Driving in Rain? How to Avoid Hydroplaning and Other Tips
The most dangerous rainy driving conditions are during a downpour, right? Nope. It’s actually the most risky during the first 10 minutes of a light rain.
There’s always some engine oil and grease buildup on paved roads, which will float on water. Any time it rains, road surfaces will be slick, but especially so at the beginning of a rain shower before some of the oily residue is washed away. Rainy conditions can actually be as slippery as driving on ice.
Be especially aware during the first rain after a dry summer (when oil has been collecting on the asphalt for a long time) and the first few hours of a fresh rain. Follow these driving tips.
- Allow more time to get where you’re going if it’s raining or it’s forecasted.
- Turn on your headlights so you can see better and others can see you better, too.
- Slow down. If you drive 35 mph or slower, you’re less likely to hydroplane because your tires get more traction on wet pavement at lower speeds. Lowering your speed will also give you enough time to react to standing water, sudden traffic slowdowns, disabled cars and any debris that’s been blown into the road.
- Give yourself twice as much stopping distance between you and the vehicle ahead.
- Don’t use cruise control. It can cause your tires to spin faster if you start to hydroplane. Then you could fishtail and lose steering control when tires regain traction.
- Don’t drive through water flowing across the road even if you’re going slow. A car can be swept away by as little as 12 inches of water.
- Try to drive in the tire tracks left by the cars in front of you. They’ve done some of the work of scattering water for you.
- Avoid hard braking, sudden acceleration, and sharp or quick turns.
- Stay in your lane. Lane changes and passing are bad ideas when visibility is poor and stopping distance is twice what you need on a dry road.
- Avoid puddles and standing water. Driving through several inches of water at a high speed can cause you to hydroplane. It could also splash water into your engine and stall it. If you do drive through a puddle, check that your brakes are working properly by tapping them gently a few times afterward.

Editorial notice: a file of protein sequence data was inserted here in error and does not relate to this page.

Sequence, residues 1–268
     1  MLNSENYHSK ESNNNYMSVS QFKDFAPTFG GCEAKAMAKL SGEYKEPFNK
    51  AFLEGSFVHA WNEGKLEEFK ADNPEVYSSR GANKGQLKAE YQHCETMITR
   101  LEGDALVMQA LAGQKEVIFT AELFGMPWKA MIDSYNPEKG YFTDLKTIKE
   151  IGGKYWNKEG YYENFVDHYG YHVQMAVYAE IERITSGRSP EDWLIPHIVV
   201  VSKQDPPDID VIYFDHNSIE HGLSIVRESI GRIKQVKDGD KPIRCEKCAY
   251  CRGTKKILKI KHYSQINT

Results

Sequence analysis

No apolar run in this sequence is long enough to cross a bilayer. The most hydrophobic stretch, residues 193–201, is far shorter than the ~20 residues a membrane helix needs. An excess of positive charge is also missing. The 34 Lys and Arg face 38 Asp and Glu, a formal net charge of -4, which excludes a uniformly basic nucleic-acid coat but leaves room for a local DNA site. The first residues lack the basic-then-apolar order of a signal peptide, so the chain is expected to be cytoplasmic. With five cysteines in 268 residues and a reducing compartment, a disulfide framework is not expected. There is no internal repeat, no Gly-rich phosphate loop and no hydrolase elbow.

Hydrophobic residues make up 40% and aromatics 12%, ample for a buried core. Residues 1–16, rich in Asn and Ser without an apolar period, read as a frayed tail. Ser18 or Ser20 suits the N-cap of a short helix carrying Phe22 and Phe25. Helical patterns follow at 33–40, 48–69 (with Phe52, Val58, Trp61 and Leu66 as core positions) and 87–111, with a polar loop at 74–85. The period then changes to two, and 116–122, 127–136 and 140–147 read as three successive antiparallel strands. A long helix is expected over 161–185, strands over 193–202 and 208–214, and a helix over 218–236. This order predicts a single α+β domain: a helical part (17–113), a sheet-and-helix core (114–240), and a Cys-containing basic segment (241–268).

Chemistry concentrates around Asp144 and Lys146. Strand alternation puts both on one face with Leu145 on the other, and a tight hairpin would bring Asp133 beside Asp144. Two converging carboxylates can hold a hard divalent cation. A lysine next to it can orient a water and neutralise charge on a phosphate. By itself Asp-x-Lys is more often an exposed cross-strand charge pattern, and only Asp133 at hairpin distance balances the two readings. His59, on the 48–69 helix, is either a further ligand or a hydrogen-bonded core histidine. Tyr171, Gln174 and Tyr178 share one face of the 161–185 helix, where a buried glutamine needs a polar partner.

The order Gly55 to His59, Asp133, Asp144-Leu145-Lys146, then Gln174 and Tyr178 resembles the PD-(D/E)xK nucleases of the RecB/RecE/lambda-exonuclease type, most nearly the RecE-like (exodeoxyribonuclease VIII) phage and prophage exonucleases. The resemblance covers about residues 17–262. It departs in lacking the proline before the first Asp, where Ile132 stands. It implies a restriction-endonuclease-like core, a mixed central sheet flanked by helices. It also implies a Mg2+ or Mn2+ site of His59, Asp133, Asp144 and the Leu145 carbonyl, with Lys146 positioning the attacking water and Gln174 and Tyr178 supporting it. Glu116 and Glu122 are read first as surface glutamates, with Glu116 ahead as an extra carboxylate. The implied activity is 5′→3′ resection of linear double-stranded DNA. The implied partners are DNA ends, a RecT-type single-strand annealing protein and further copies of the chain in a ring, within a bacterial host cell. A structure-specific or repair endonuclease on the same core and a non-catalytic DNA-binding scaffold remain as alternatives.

What Is Hydroplaning?
Hydroplaning is when your tires lose contact with the road and start rolling on top of a thin film of water. It can happen any time a tire can't channel away water fast enough to maintain proper contact with the road. It’s not just driving through standing water that puts you at risk. When it’s raining heavily or you’re driving on worn tread, it’s also risky.
When tire tread is in good condition, the grooves do the job of giving water on the road a place to go and ejecting it as the tire rolls. Assuming you’re driving at a safe speed, you’ll have plenty of rubber in contact with the asphalt to keep enough traction.
But when tread depth is shallow because the tire is worn, the grooves aren’t as deep. Less water gets scattered by the grooves, and the vehicle may start to hydroplane. It can also happen if you’re driving too fast for the conditions, even if your tires are in good shape.
What It Feels Like
Behind the wheel, hydroplaning feels like the vehicle is floating or veering in a direction on its own. When this happens you’ve lost braking and steering control.
Sometimes not all four wheels are involved. If your drive wheels hydroplane, there might be an increase in your speedometer and engine RPMs (revolutions per minute) as your tires begin to spin. If the back wheels hydroplane, your car’s rear end will begin to veer sideways into a skid. If all four wheels hydroplane, the car will skid forward in a straight line.
What to Do If You Hydroplane
It may be against your instincts, but the right response to getting out of a hydroplane skid is to immediately take your foot off the gas and wait it out. Do not brake or try to steer. Most hydroplane-related skids last for just a split second before your vehicle regains traction.
If you do brake when you start to roll on water, ease up on the brake until it’s over. If you drive a manual transmission, disengage the clutch as well.
Don’t slam on the brakes or yank the steering wheel since it could cause you to lose further control. It’s best to wait to brake until you're out of the skid.
If you have to brake to avoid crashing and have anti-lock brakes, brake normally. If your vehicle doesn’t have ABS, pump the brakes lightly. Gently steer in the direction you want the vehicle to go. You may need to correct the car’s course with very slight steering wheel movements a few times as you’re regaining traction, but don’t oversteer. All this happens in a matter of seconds or less.
Don’t Be a Statistic
According to the Federal Highway Administration, most weather-related auto crashes occur on wet pavement and during rainfall. Annually, 3,400 people are killed and more than 357,300 people are injured in crashes when it’s raining.
Maintaining your tires and driving with extra care when it rains can help keep you from hydroplaning and get you where you’re going safely.
Dealing with other hazardous conditions, like fog? Check out our article on driving in low visibility.
Important Notice: The information provided above is of a general nature gathered from a variety of resources deemed reasonably reliable. The operation of your vehicle, or the repair or replacement of your vehicle’s equipment, may be different than for a typical vehicle. Please consult your owner’s manual for specific warnings, notices, and other advice relative to the subjects addressed herein.